With either choice, you matter.

There is no one like a mother. She fills a certain place in a person's heart that simply cannot be filled by anyone else. Ask anyone who has lost her. It feels much like the phantom itching of an amputee, reaching out to scratch a leg that is no longer there. She was so enormous, so important and irreplaceable, when she is gone, the loss is breathtaking. I know this because my husband knows. She is gone, and he will never be the same.

You, dear mother, you are the boo-boo kisser, lullaby singer, fixer of broken trucks and builder of paper airplanes. You are the one they go to in the night when their tummy hurts; the one they snuggle up with on the couch in their most innocent, tender moments. You are their strength, their soft place to land, their roots and their wings. You are a piece of your children that no one else will ever be. And that matters. It matters to your children in ways that you might not realize. It matters to those around you, as you pour yourself into your children, loving them and nurturing them, teaching them and molding them.

You may go your whole mothering life and never get the thanks you deserve. The people around you might never understand or appreciate what it is you do. Or they might. But your worth, your value, your dignity as a person don't hinge on them. It isn't the size of your paycheck or the grades your kids get that make you worthy. You are worthy simply because you are, because you exist. You are a totally unique and irreplaceable human being and God loves you with a love that defies the understanding of our comparatively small hearts.

And your children? They love you almost that much.

However it is that you fill your days; whatever you'd write on a resume or in a letter to an old friend - you matter. You matter to those kids who call you Mommy. The very mundane tasks of caring for a family are so very, very valuable. The hard and unglamorous work of mothering - the dirty diapers, soccer games, messy faces, misplaced socks, piles of laundry, snotty noses, Curious George books, and toys on the floor - those things feel so terribly ordinary, and yet are so terribly important.

Mothers, you are the glue that holds us all together. With your love and care, each generation of humans rise up to inhabit this earth. It is at your hands, and figurative apron strings, that these little people grow up and become our replacements. That matters.

You matter. And the next time you question your worth, question your decisions or question your value, look into the eyes of one of those extraordinary little people you gave your heart to, and I promise you, you will see it. You'll see that you matter, and that what you do has value and great worth.

Thursday, October 3, 2013

Monster Green Smoothie

This is super random, but has me rather excited. I am on a mission to feed my family better. Rather than being one of those sexy super spy missions that requires a black spandex bodysuit and lots of tiny gadgets, this mission looks more like me sitting at the computer a lot. I read a lot about nutrition, and I search for new recipe ideas a little bit obsessively. But feeding a family with three children who have not been raised on 100% healthy food for their entire lives, and a husband who has some, ahem, pickiness issues, is a challenge. Perhaps if I'd been one of those moms who never pulls through a McDonald's and whose kids have never had anything with sugar in it, I'd have them happily eating nothing but broccoli and brussels sprouts. Alas, I am not that mom, and my kids will chose crappy chicken nuggets over almost anything else, any day of the week.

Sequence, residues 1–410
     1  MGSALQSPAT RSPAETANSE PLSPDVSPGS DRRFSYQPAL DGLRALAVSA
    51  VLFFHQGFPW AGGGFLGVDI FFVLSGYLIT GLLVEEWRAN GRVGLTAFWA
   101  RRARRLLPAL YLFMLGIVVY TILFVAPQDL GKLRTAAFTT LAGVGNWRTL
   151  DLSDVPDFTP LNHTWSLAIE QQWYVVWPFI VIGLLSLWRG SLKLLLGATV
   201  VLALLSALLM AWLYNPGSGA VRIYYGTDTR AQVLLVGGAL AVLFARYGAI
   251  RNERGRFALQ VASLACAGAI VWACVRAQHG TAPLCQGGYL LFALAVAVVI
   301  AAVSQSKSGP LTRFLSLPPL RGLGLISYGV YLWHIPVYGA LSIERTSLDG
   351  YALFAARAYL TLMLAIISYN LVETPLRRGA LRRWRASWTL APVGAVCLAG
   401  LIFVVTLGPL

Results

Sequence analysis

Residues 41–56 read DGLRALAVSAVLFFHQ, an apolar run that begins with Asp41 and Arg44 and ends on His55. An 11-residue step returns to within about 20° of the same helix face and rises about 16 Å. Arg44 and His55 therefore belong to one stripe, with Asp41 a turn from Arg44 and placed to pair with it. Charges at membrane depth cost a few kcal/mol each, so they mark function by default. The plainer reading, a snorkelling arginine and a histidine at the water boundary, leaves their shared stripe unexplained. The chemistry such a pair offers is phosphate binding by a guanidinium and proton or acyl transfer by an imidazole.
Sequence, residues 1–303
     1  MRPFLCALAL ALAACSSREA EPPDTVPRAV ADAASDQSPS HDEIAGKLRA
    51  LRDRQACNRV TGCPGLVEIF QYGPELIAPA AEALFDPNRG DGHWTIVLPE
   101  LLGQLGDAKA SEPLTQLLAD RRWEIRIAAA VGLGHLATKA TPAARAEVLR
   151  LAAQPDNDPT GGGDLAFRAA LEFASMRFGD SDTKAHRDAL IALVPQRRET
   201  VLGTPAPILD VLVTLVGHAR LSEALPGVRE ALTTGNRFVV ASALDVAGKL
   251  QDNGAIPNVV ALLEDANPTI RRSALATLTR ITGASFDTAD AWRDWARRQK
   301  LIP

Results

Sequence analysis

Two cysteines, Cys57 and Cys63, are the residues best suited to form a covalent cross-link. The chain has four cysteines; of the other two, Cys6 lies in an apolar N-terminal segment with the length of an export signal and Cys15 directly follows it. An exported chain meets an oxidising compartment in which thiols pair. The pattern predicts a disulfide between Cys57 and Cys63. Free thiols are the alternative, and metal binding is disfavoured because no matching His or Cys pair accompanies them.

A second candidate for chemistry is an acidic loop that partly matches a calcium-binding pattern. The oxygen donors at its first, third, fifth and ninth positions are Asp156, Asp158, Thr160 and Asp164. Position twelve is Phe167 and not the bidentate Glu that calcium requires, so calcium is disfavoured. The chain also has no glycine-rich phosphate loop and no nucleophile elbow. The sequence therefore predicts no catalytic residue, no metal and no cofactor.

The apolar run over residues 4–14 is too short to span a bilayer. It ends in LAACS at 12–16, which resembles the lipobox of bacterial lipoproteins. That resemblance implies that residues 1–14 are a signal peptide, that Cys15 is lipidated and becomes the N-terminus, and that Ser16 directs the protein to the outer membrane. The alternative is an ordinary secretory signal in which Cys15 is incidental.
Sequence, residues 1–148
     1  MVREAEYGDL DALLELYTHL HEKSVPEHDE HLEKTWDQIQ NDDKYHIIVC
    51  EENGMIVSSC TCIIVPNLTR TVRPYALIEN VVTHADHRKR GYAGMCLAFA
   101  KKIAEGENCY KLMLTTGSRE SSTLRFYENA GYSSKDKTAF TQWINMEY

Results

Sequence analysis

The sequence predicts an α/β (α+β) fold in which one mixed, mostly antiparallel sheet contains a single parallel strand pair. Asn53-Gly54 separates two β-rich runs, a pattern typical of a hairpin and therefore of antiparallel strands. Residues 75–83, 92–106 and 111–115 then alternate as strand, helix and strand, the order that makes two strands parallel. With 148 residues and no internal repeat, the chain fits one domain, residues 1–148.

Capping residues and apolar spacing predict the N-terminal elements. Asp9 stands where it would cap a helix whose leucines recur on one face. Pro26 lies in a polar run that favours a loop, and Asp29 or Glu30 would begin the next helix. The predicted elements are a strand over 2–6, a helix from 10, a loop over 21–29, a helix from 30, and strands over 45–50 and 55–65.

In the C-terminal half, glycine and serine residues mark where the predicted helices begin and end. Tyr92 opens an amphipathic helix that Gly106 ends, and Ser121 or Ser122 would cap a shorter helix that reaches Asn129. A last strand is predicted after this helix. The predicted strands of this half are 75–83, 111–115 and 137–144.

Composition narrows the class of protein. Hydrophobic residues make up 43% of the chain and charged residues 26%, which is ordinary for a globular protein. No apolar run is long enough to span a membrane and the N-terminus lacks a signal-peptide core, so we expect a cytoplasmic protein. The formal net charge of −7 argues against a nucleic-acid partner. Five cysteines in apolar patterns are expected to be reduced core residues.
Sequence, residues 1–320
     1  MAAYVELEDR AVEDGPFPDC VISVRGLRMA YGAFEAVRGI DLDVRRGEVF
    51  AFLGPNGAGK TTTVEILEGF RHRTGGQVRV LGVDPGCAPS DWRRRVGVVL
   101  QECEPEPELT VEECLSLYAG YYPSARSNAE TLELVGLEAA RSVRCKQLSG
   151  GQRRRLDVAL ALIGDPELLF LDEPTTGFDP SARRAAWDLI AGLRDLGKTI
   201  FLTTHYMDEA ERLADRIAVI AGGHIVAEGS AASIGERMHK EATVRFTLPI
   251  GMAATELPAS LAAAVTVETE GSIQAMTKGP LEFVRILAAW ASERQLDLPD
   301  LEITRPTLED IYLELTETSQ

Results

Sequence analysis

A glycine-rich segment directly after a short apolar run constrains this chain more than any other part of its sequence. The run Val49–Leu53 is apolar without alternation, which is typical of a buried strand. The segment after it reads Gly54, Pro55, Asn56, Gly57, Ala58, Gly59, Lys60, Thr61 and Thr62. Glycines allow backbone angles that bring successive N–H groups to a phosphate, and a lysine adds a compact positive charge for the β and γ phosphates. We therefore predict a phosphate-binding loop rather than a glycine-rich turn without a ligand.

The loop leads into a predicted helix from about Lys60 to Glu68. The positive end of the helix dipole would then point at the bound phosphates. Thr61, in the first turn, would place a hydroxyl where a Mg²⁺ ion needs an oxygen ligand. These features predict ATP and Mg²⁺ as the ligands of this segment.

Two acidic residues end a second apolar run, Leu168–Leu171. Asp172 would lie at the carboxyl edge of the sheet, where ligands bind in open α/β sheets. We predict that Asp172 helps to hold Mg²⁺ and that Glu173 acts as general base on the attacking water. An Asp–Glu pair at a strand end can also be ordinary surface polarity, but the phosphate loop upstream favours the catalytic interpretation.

I've had a recent success, however, and when I come up with a recipe or food idea that is not sugar laden, and all three of them will eat, I get a little excited.

Enter the Monster Green Smoothie!

(I totally made that name up just now)

There's really nothing revolutionary about this recipe, and I'm sure you'll find numerous versions of a green smoothie that are basically the same. So to say I "created" this isn't quite accurate. Mostly, I just threw a bunch of stuff in a blender and hoped for the best. But this combination has proved to be delicious, and although it does contain orange juice as a base (aka, sugar), it is healthy enough for my liking.

And my kids are drinking these with breakfast. Cue Hallelujah Chorus in my head.

Monster Green Smoothie

  • Handful of spinach and kale
  • Lime juice
  • Coconut milk
  • 1/2 to 1 ripe avocado
  • Frozen banana chunks
  • Orange juice
  • Lemon juice
  • A few ice cubes

Short version of the directions: throw it in a blender and turn on.

Longer version:
I blend the spinach and kale first, with a few squirts of lime juice and enough coconut milk to get it to blend. The lime juice cuts down any bitterness in the green stuff.
Once it is nicely liquefied, I add the other ingredients - the avocado makes it creamy and adds healthy fats, frozen banana is awesome in smoothies, and they like them really cold so I still add a couple ice cubes. Grayson came up with the idea to add a squirt of lemon juice, and usually another squirt of lime juice, at the end. The kids seem to think those little squirts of acidity to be essential, but bet they can be left out and probably not alter the flavor a whole lot. Add enough orange juice to get a good smoothie consistency and blend away.

I have a Ninja Kitchen Prep, which is a pretty cool blender, but not one of those crazy expensive ones, and it blends everything up just fine.

The smoothie ends up a fabulous green color, and it is full of some good stuff - and best of all, my kids happily slurp them up. This has vegetables in it, people. That is huge.

I realized I probably should have taken a picture, because blog posts look better with pictures, but I didn't and my kids already drank theirs down. If I think about it, I'll add one later, but chances are I won't - so I submit the lack of picture as evidence of this smoothie's yumminess - gone too quick to photograph!